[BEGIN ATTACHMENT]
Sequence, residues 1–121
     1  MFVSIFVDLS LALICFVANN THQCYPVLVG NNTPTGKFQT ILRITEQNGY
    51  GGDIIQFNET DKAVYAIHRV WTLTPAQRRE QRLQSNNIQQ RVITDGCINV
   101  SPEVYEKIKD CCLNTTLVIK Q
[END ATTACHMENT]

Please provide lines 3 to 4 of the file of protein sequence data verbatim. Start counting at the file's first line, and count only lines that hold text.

    51  GGDIIQFNET DKAVYAIHRV WTLTPAQRRE QRLQSNNIQQ RVITDGCINV
   101  SPEVYEKIKD CCLNTTLVIK Q